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What’s CI worth? We’re about to find out

The Scotiabank branch at 2080 Queen St. East in Toronto's Beach neighbourhood is photographed on March 5, 2014.

Fred Lum/Fred Lum/The Globe and Mail

The opening bell will be a referendum on Bank of Nova Scotia's plan to sell a $3.8-billion stake in CI Financial Corp., as there is a significant divergence of opinion on what the bank can get for the shares and the market is going to play a big part in settling that.

Bank of Nova Scotia last week told CI it planned to sell, and that one option was doing a secondary offering to shareholders of some portion of its 37 per cent stake. CI's message back was that the market would choke on such a transaction, and it would cripple CI's share price.

After a week of delay, Scotia said last night it would go ahead with a "monetization" of some or all of its stake. That left the door open to a sale to a strategic buyer, or a sale into the market. Now investors must decide whether they think CI is worth more because of this decision (as an analyst at Barclays suggested) or whether CI is worth less because Bank of Nova Scotia is never going to buy the rest of the company as some thought it would.

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GMP Securities analyst Stephen Boland believes the stock could drop significantly, approaching $30, or about 20 per cent below Wednesday's close.

The crux of the issue will be whether Bank of Nova Scotia can attract interest from another strategic buyer. On the positive side, CI is fast growing and large and in the money management space, an area that other financial institutions covet. On the other side, CI trades historically at a premium to many other asset managers in Canada and the U.S. and its size (a market capitalization of $10-billion) limits the potential range of buyers. For example, Canadian Imperial Bank of Commerce would probably love the idea of owning CI, but it would be a big bite for CIBC. With a takeover premium, CI's market capitalization would approach a third of CIBC's. Another wrinkle is that CI's shareholder rights plan prevents any one buyer from taking more than a 20 per cent stake in CI, which represents a little more than half of the stock on offer. Anyone who wants to own all of CI will have to work around that.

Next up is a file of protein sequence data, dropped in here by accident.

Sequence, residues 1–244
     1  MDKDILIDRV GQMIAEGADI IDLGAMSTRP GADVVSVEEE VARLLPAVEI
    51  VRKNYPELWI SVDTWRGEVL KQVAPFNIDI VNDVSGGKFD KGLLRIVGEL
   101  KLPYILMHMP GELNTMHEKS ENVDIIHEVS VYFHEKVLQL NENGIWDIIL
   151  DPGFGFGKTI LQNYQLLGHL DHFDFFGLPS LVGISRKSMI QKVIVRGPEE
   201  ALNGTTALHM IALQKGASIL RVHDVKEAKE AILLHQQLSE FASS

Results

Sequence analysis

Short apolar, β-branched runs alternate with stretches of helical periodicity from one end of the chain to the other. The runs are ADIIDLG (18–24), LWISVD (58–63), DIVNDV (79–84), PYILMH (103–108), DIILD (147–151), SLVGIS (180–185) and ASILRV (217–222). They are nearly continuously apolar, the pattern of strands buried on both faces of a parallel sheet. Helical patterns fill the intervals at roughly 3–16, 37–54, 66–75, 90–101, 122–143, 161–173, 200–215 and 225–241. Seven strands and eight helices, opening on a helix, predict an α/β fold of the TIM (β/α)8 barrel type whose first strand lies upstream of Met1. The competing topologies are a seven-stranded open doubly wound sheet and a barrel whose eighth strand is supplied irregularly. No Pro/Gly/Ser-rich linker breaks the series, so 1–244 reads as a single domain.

"There is not a long list of potential buyers, in our view," CIBC analyst Robert Sedran said. "In addition, we suspect that whoever buys this stake might like to see a path to control."

Banks are interested in increasing wealth management, but they would have the same issue with tying up capital in a minority stake in CI that Scotia currently faces – that comes with punitive implications from a regulatory perspective unless they can own all of the company. And buying all of CI is expensive and comes with a huge chunk of goodwill that would be dilutive to earnings for the buyer. Life insurance companies would be a stretch given the size. As for foreign buyers, they "are always a possibility, but this is not cheap asset and much as we love our country, there is no burning desire to enter Canada for many foreign asset managers at this time," Mr. Sedran said.

If the market believes there is a strategic suitor out there willing to take the maximum possible stake as a prelude to a full buyout, CI stock could trade strongly. Barclays analyst John Aiken predicts that is possible, saying in a note "a scarcity premium is conceivable and we would not be surprised to see a positive reaction in CI's share price."

But if the market doesn't believe that suitor is out there, and assumes that Bank of Nova Scotia will have to sell the shares to the public in chunks, then look for CI to trade down. A stock offering of that size will demand a discount to the current market price, and the fact that it likely could not all be done in one sale will create an overhang. There is also the issue that this has clearly reopened old wounds between Scotia and CI and may well cause the business relationship between the two to suffer.

A drop in CI's stock is a risk that Canaccord Genuity's Scott Chan raised as well as GMP's Mr. Boland.

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"Our $30.00 short-term expectation removes any takeover premium, the value for access to a bank channel and accounts for possible short selling," Mr. Boland of GMP said in a note to clients. "We are placing our long term target and recommendation "under review" and we would be wary of buying the stock in the short term until this trade occurs. Hopefully, it does not occur in a series of transactions which would only prolong the overhang."

On the other hand, analysts so far are saying they like the idea from Scotia's perspective.

National Bank's Peter Routledge raised his recommendation to outperform from sector perform and boosted his target on Bank of Nova Scotia stock to $73 rom $68, saying Bank of Nova Scotia now has the potential for a much higher return on the capital that is tied up in the CI stake. Mr. Sedran of CIBC said that in the long run, moving capital from the CI stake to Bank of Nova Scotia's international operations will improve returns, but it will take time and he's not moving his numbers for Scotia just yet.

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